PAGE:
Intravitreal injection of liposomes encapsulated with a variety of drugs has demonstrated therapeutic vitreal concentrations of those drugs. The drugs studied so far are gentamicin, amphotericin B, cyclosporine, and antiviral agents.70,72,73 Liposome-bound cyclosporine administered intravitreally resulted in a prolongation of the half-life of the drug to about 3 days.74 Several studies also reported a prolongation of vitreal levels of antiviral agents following intravitreous injection of the liposome-encapsulated form.65 Different methods are available to target liposomes either to promote the interaction between specific cells or tissues and the encapsulated drug or to release the contents of liposomes at specific sites. Liposomes containing acyclovir combined with a monoclonal antibody to herpes simplex virus glycoprotein D were studied to target the antiviral agent specifically to the infected cells.75,76 Another approach to targeting drug-bound liposomes to a specific site is the use of a heat-sensitive liposome. Triggering mechanisms such as an argon laser or microwaves to elevate the temperature at a specific site to release the contents of liposomes have been studied.65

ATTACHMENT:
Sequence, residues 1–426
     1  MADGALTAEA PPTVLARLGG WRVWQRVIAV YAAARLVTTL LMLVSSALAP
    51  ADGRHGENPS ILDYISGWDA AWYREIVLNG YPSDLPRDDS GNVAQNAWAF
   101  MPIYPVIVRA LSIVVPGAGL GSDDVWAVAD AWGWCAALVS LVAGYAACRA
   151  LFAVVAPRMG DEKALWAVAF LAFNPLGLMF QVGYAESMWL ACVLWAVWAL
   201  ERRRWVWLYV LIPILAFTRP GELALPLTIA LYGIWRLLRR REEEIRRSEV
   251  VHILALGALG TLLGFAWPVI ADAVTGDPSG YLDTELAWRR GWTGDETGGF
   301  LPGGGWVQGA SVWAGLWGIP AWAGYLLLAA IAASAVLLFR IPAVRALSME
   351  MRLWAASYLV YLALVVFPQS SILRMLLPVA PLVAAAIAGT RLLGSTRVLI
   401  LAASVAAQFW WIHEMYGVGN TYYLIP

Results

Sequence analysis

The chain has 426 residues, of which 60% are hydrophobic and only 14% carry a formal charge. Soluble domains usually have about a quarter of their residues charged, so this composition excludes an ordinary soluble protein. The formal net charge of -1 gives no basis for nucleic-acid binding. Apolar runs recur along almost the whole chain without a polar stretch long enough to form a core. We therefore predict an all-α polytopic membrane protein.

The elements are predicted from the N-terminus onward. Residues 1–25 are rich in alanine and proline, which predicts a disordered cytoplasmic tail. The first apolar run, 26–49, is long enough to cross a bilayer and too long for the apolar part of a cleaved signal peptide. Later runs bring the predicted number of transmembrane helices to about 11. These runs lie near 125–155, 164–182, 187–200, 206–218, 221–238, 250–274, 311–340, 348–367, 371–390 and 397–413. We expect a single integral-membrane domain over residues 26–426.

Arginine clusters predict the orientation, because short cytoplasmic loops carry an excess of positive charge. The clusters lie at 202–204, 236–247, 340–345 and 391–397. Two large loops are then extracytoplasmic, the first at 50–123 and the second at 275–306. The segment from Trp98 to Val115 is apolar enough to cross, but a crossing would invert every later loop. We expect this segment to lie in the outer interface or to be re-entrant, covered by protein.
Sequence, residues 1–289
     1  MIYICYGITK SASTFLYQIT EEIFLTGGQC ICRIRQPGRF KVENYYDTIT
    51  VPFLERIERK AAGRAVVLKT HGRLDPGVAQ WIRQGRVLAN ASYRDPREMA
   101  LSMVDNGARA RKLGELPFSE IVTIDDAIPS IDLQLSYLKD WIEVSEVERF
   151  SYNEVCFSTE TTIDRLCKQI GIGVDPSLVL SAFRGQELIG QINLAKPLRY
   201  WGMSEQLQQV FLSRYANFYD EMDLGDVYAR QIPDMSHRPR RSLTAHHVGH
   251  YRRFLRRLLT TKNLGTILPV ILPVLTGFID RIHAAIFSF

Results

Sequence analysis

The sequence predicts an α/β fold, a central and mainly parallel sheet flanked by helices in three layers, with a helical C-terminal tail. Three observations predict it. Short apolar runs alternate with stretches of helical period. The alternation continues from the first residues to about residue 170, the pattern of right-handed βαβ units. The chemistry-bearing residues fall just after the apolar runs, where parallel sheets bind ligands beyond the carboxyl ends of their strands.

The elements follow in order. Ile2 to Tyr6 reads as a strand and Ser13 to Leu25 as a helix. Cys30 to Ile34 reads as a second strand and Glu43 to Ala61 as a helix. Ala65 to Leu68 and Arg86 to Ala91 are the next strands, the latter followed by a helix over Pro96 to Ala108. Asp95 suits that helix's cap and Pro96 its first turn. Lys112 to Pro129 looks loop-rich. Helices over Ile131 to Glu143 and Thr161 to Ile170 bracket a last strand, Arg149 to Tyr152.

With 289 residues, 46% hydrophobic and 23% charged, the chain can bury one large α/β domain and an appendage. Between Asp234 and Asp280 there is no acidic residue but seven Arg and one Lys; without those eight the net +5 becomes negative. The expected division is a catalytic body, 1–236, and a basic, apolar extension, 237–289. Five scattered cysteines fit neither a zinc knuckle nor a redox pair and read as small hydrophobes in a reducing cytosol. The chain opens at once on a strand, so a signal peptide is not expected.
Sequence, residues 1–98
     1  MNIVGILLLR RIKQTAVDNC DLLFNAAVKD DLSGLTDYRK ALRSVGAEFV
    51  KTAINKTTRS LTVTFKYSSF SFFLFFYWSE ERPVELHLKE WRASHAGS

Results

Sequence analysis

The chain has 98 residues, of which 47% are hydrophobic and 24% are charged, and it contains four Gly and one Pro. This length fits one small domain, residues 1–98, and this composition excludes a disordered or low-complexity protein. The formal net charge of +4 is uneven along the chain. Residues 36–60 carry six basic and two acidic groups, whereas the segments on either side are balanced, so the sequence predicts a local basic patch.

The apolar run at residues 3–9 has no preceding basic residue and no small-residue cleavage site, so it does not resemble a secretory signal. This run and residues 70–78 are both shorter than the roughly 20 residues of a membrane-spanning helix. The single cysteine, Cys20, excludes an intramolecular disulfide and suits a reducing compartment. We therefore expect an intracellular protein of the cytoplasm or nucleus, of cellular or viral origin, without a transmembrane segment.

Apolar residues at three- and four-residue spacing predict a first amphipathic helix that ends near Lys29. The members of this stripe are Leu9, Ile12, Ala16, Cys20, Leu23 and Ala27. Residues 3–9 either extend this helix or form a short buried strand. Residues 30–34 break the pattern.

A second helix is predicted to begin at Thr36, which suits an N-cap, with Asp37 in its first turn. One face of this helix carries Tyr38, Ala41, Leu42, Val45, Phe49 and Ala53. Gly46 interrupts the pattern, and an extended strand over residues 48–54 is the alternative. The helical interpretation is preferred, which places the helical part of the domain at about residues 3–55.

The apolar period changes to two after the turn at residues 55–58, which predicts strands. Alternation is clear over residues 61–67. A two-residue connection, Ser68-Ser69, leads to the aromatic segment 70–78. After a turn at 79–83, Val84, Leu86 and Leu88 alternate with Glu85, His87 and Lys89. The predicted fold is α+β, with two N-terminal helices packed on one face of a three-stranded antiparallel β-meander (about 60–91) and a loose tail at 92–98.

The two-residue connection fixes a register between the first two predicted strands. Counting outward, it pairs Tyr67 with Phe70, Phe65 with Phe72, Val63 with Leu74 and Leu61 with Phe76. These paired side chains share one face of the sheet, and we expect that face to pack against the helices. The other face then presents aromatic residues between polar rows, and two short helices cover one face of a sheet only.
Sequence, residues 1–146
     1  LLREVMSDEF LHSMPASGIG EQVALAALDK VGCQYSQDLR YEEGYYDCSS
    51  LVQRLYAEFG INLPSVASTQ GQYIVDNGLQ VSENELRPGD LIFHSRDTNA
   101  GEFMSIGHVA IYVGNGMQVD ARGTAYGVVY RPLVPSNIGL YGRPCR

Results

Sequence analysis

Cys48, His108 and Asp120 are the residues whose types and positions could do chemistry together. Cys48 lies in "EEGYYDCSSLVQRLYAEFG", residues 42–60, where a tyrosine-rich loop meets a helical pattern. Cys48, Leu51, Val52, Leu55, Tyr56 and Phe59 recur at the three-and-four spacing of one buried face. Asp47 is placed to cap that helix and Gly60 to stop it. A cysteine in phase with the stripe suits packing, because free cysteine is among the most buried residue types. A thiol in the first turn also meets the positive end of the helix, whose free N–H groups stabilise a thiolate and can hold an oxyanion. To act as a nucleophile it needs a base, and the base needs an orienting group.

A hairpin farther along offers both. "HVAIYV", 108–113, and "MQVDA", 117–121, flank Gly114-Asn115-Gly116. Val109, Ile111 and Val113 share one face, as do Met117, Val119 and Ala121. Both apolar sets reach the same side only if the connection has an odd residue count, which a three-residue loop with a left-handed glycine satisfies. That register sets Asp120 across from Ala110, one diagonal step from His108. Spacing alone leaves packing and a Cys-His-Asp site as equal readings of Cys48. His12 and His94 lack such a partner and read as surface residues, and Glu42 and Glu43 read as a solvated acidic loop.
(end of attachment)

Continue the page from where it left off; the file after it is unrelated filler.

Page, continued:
Liposomes present a potential advantage in drug delivery. However, the routine use of liposome formulation as a topical ocular drug delivery is limited by their short shelf-life, their limited drug-loading capacity, and difficulty in stabilizing the preparation.65 Liposomes have been shown to achieve a prolonged therapeutic level when administered subconjunctivally and intravitreally. Much research is needed to further understand the various parameters that may influence liposomal ocular drug delivery.